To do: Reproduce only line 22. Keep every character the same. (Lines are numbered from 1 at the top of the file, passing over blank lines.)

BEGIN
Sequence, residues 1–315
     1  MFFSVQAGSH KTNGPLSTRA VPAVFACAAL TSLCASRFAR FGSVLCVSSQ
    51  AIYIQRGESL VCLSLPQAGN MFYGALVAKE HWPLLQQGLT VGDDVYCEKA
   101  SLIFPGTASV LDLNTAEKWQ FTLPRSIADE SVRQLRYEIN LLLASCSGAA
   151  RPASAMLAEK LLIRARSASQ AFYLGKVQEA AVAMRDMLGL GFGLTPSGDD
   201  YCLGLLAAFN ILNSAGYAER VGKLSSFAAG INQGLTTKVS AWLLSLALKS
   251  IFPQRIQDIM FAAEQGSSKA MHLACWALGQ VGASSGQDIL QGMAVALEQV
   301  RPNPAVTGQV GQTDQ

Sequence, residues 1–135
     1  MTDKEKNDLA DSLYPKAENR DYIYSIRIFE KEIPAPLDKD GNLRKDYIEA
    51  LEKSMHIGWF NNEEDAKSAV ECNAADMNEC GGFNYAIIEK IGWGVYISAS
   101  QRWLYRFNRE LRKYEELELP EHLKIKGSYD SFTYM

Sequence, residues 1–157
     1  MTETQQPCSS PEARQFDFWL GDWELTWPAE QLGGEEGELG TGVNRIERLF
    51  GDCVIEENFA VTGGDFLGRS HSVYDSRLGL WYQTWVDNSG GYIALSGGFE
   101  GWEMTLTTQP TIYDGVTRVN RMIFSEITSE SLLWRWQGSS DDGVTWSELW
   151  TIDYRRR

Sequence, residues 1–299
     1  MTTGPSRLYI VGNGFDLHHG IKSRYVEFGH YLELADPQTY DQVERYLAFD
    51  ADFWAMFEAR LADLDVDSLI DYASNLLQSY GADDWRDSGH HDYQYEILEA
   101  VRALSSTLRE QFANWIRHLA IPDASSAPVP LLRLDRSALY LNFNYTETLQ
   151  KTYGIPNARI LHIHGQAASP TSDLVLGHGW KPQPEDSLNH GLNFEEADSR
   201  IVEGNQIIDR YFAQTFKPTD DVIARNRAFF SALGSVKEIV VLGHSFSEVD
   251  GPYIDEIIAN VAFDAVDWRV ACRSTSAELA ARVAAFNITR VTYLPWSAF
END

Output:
   151  KTYGIPNARI LHIHGQAASP TSDLVLGHGW KPQPEDSLNH GLNFEEADSR